Short-lived victory for CoJ employees as bargaining council quashes their unfair dismissal claim
Hours after the labour court interdicted the City of Johannesburg from advertising the jobs of 130 employees whose contracts it terminated last month, the bargaining council quashed their unfair dismissal claim.
The labour court interdict was granted pending the resolution of the dispute referred to the bargaining council by the employees.
In a statement, the mayoral office welcomed the bargaining council’s ruling and said this was vindicating.
“The SA local government bargaining council dismissed the case of City of Johannesburg employees, whose fixed-term contracts were illegally converted to permanent by the erstwhile mayoral committee. The bargaining council’s decision means that the interdict of the labour court falls away. Therefore, the city will proceed with the regularisation of contracts that will lapse at the end of this month,” read a statement from the office of the MMC for group corporate and shared services, Leah Knott.
“The ruling by the bargaining council is a victory for good governance, service delivery and the fight against corrupt practices in the city. As difficult of a process this might be for the affected employees, the Johannesburg multiparty government will always remain committed to upholding the rule of law, a cornerstone of our constitutional democracy,” Knott added.
In its short ruling, the council said it “lacked jurisdiction to conciliate the referred alleged dispute in the circumstances”.
“I dismiss the application for the alleged unfair dismissal,” read the ruling by commissioner Joseph Mphaphuli.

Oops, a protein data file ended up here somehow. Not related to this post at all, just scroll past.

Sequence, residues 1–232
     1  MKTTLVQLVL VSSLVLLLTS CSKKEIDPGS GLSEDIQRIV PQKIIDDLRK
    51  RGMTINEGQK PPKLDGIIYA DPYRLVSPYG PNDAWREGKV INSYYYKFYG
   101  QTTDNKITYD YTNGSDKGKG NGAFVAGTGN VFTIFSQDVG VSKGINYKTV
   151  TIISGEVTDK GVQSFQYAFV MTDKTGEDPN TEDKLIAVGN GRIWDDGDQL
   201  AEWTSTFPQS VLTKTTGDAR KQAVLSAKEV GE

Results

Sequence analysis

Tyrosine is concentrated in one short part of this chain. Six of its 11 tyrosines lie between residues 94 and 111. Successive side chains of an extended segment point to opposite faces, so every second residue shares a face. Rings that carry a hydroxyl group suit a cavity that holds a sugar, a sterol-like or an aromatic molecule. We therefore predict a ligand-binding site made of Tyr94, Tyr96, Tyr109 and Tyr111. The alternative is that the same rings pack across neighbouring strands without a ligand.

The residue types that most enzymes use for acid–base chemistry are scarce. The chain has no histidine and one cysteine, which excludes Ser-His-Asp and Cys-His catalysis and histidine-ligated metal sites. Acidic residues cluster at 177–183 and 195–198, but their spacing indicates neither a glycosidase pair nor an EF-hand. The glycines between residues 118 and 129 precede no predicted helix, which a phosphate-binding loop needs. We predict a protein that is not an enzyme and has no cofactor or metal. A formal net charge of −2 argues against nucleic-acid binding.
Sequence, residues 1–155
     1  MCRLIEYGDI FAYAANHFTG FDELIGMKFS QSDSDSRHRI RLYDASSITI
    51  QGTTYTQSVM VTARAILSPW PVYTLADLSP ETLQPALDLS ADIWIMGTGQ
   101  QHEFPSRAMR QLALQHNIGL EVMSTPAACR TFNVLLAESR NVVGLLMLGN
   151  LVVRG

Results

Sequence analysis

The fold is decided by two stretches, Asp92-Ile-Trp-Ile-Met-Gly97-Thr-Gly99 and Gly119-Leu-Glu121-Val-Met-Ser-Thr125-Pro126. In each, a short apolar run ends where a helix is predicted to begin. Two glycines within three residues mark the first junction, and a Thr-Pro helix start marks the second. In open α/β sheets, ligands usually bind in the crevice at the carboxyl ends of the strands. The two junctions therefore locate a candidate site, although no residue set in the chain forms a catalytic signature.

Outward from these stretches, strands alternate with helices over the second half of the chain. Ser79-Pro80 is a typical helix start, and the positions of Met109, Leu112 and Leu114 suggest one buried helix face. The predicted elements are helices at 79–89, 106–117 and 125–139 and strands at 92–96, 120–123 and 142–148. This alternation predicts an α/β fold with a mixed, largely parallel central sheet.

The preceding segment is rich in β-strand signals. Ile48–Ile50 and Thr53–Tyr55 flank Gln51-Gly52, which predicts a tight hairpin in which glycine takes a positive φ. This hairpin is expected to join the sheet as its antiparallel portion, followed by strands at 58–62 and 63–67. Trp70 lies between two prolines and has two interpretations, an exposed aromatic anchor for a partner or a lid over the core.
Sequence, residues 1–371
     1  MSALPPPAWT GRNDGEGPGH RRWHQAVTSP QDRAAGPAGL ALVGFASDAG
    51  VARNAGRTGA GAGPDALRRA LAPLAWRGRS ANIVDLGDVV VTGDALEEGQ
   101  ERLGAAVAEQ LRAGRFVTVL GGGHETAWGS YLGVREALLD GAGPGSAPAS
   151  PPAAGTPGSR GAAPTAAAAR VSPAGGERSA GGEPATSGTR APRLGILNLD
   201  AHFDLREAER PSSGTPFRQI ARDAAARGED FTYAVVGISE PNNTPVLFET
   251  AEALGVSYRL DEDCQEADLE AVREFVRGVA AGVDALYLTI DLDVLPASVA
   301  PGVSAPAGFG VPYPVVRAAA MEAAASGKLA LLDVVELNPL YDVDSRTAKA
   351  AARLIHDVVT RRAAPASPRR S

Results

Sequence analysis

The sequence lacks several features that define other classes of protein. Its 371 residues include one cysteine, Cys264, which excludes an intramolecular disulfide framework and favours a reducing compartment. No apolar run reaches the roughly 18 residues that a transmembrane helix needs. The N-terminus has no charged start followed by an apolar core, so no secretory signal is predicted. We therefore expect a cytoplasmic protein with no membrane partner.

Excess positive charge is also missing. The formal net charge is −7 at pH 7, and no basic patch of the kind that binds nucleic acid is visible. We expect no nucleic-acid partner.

The ruling was dated April 7, signed on April 13 but made known to the affected parties on April 22.
The employees who had approached the court are were employed across various departments by the city, including the office of the chief whip, the office of the mayor and the caucuses of the parties represented on the council.
They are employed as drivers, office managers, researchers and assistant directors and fulfil their duties irrespective of which political party is in power.
They were initially employed on fixed-term contracts.
On March 1 2021, after a decision by the mayoral committee taken on February 25 2021, they received notices that their fixed-term contracts were converted to an indefinite term, meaning they became full-time employees.
However, on February 25 this year, the council rescinded the 2021 decision to employ them permanently. It decided to convert their employment to a fixed term to terminate on April 30 this year.
The employees were informed of this decision on February 28.
On March 17, the employees lodged a dispute with the bargaining council about the “unilateral change to terms and conditions of employment” and “unfair labour practice”.
After the referral of the dispute, the attorney for the employees requested the municipality to withdraw the notice informing them of the conversion of the employment contracts to allow the SALGBC process to unfold.
They also requested the city to provide an undertaking that it would not take any action, including advertising the positions, pending the outcome of the SALGBC processes.
The city refused, prompting the employees to launch the urgent application.
In her decision, labour court judge Connie Prinsloo said the employees are facing “a real apprehension of harm”.
“The detrimental consequences they stand to suffer, should their employment be terminated by the end of April 2022 while their dispute is still being adjudicated, will cause them undue harm and hardship which may be irreparable,” Prinsloo said.
Samwu, which represents the majority of the employees, was not immediately available for comment.
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